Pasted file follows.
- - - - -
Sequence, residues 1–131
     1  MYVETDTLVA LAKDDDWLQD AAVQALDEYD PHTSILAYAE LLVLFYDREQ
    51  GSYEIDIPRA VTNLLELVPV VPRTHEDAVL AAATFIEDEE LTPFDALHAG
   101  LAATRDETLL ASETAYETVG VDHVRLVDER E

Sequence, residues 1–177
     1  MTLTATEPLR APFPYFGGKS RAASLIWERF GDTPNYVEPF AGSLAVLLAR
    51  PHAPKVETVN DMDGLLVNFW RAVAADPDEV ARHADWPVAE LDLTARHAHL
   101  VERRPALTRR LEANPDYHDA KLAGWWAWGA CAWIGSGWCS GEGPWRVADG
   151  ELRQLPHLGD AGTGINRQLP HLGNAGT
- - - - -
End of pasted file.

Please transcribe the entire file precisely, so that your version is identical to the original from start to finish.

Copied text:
Sequence, residues 1–131
     1  MYVETDTLVA LAKDDDWLQD AAVQALDEYD PHTSILAYAE LLVLFYDREQ
    51  GSYEIDIPRA VTNLLELVPV VPRTHEDAVL AAATFIEDEE LTPFDALHAG
   101  LAATRDETLL ASETAYETVG VDHVRLVDER E

Sequence, residues 1–177
     1  MTLTATEPLR APFPYFGGKS RAASLIWERF GDTPNYVEPF AGSLAVLLAR
    51  PHAPKVETVN DMDGLLVNFW RAVAADPDEV ARHADWPVAE LDLTARHAHL
   101  VERRPALTRR LEANPDYHDA KLAGWWAWGA CAWIGSGWCS GEGPWRVADG
   151  ELRQLPHLGD AGTGINRQLP HLGNAGT